Mardi Gras revelers will brave brisk winds and chilly conditions at Tuesday’s parades, the result of a strong and wet cold front that crossed the region late Monday and again proved true that timeless adage: If you don’t like the weather in Louisiana, wait a few minutes and it will change.
For the second straight year, Fat Tuesday paradegoers in New Orleans will be bundling up between throws, as the mercury isn’t expected to climb out of the 40s. Even those temperatures could be misleadingly warm, warned Carl Arredondo, chief meteorologist at WWL-TV, who said wind chills will remain — noticeably so — in the 30s.
The silver lining on this overcast holiday, Arredondo said, is that the precipitation that came with Monday’s front should be an afterthought by the time the Zulu parade begins rolling in New Orleans at 8 a.m.
“If there’s any drizzle around, it will be before about 6 a.m.,” he said. “But dress warmly. It’s going to be cold.”
Bob Wagner, a meteorologist with the National Weather Service in Slidell, said a quarter of an inch of rain or more was expected Monday night as the front pushed through.
Rain chances — along with the specter of gusty, northwest winds — prompted city officials to move up the starting times for the Krewe of Proteus and the Krewe of Orpheus processions and make a slight change to their parade routes.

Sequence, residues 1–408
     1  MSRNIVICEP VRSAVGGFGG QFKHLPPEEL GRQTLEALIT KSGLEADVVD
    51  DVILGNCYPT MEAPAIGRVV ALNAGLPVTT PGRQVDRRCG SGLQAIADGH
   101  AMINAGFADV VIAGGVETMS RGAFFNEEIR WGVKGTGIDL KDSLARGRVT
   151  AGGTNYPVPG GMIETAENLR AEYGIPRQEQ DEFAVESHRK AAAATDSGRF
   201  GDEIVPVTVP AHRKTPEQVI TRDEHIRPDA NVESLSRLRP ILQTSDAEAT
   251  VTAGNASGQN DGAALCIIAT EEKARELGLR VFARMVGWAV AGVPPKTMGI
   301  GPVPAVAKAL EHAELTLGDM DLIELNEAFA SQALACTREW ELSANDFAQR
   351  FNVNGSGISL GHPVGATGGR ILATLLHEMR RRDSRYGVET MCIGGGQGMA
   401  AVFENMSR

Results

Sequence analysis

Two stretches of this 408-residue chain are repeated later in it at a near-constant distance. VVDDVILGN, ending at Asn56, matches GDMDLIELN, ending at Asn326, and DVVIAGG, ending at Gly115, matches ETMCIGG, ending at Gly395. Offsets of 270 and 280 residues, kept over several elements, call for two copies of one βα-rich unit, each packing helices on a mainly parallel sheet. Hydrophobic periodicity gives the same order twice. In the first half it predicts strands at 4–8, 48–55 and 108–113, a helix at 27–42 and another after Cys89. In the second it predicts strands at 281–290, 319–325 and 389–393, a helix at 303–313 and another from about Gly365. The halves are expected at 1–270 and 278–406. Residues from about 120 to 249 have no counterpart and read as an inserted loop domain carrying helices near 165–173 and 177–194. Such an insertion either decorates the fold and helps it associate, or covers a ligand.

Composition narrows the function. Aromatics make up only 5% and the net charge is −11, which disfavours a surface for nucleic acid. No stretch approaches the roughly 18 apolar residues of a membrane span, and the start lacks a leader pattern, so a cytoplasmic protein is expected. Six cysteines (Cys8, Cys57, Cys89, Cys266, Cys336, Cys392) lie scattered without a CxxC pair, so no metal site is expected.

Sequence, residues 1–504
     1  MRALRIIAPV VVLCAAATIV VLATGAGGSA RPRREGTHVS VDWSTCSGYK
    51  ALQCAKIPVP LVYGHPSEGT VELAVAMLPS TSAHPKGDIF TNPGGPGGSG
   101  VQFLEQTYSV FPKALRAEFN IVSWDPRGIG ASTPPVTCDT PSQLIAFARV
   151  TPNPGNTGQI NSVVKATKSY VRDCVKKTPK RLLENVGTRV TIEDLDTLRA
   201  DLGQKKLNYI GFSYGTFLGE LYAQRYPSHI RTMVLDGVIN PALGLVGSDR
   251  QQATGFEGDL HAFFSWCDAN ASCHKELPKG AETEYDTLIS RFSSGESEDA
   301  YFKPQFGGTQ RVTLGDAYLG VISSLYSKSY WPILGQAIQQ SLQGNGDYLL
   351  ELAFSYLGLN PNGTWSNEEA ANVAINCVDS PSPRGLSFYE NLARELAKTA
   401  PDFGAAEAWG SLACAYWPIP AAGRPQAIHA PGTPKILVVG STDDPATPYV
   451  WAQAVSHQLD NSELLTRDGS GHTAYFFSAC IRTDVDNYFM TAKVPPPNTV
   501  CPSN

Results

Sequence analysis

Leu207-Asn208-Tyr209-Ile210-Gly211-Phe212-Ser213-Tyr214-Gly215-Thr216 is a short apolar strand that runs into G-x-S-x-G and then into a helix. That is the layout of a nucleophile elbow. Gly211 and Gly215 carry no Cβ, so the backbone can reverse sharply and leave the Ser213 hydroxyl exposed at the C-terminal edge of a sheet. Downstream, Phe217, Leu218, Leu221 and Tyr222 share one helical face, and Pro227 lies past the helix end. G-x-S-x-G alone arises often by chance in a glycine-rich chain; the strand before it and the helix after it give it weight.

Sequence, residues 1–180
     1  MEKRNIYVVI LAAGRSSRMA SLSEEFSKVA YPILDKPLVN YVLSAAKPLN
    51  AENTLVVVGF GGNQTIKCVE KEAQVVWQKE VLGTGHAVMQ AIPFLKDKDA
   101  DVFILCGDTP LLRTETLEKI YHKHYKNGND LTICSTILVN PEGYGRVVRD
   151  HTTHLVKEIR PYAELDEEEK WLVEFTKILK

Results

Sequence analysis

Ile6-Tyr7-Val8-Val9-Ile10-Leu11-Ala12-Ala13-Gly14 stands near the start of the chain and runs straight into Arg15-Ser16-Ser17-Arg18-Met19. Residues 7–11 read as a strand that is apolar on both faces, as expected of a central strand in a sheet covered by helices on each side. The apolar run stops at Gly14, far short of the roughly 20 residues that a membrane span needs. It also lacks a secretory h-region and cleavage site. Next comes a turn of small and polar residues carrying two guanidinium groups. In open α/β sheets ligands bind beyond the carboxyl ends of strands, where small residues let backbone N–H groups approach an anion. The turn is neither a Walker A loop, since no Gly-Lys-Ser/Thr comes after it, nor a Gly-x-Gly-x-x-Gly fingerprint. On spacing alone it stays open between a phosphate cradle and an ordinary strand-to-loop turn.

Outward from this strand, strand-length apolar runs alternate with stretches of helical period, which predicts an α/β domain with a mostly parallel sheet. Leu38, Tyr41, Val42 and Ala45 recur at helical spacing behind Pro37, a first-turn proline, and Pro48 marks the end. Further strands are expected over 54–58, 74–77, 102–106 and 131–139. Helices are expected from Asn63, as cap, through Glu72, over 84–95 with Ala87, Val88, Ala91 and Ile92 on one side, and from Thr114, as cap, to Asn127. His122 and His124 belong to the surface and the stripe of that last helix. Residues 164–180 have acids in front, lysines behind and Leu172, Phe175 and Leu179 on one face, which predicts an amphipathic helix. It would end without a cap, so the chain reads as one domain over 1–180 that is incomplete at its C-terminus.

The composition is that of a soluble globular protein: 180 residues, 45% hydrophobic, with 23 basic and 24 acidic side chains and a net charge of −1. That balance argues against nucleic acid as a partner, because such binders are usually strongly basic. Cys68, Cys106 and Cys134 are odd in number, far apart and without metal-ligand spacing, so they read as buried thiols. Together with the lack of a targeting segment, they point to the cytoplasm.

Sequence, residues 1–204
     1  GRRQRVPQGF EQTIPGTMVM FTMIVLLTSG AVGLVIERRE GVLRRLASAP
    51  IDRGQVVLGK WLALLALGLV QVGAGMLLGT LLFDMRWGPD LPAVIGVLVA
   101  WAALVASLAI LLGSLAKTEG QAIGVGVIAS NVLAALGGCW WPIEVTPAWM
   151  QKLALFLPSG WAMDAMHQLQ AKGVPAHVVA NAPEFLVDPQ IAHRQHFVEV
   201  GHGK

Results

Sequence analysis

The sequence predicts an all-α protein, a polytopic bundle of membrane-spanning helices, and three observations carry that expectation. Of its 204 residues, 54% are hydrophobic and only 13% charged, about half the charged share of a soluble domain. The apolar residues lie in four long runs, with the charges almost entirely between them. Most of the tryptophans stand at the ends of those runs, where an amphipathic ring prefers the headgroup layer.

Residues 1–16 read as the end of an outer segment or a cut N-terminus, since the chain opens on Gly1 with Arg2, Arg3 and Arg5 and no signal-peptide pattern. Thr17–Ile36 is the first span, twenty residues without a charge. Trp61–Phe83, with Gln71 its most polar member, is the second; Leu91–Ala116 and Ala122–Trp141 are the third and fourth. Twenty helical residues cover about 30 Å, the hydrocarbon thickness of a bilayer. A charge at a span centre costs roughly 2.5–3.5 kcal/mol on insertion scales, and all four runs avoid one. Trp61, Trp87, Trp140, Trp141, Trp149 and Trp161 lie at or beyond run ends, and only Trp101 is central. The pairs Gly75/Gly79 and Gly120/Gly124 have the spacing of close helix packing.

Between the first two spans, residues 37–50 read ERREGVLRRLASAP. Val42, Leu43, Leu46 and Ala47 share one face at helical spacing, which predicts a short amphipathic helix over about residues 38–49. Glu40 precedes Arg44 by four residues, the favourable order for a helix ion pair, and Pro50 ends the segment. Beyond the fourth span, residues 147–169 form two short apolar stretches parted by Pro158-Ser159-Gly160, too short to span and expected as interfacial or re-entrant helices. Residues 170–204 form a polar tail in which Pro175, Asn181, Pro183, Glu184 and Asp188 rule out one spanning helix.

“For the parades (Tuesday), we’re not expecting much in the way of precipitation,” but the temperatures “will get everybody’s attention,” Wagner said.
“It’s not going to be that wet, but it’s certainly going to be cold,” he added.
Some earlier forecasts had predicted a near-washout on Mardi Gras. But the weather system in question “developed a little quicker than it had looked like earlier in the weekend,” Wagner said Monday, “and the rain and the front are mainly going to be (Monday) instead of Tuesday.”
“It’s been a pretty nice Mardi Gras season up to this point, but just as Carnival is coming to an end, so are the warm temperatures, for a few days,” said Andrew Ansorge, another meteorologist at the National Weather Service.
Tuesday’s forecast marked a drastic change from the weather seen for most of Monday, when temperatures in the city crept into the mid-70s.
The frigid forecast is reminiscent of last year’s water-logged holiday, when temperatures hovered in the 30s for much of the day and the city recorded more than a third of an inch of rain.
The coldest Mardi Gras on record occurred on Feb. 14, 1899, which featured a high of 38 degrees and 3 inches of snow that had to be cleared from the streets before Rex could roll, according to the National Weather Service.
Staff writer Daniel Bethencourt contributed to this report. Follow Jim Mustian on Twitter, @JimMustian.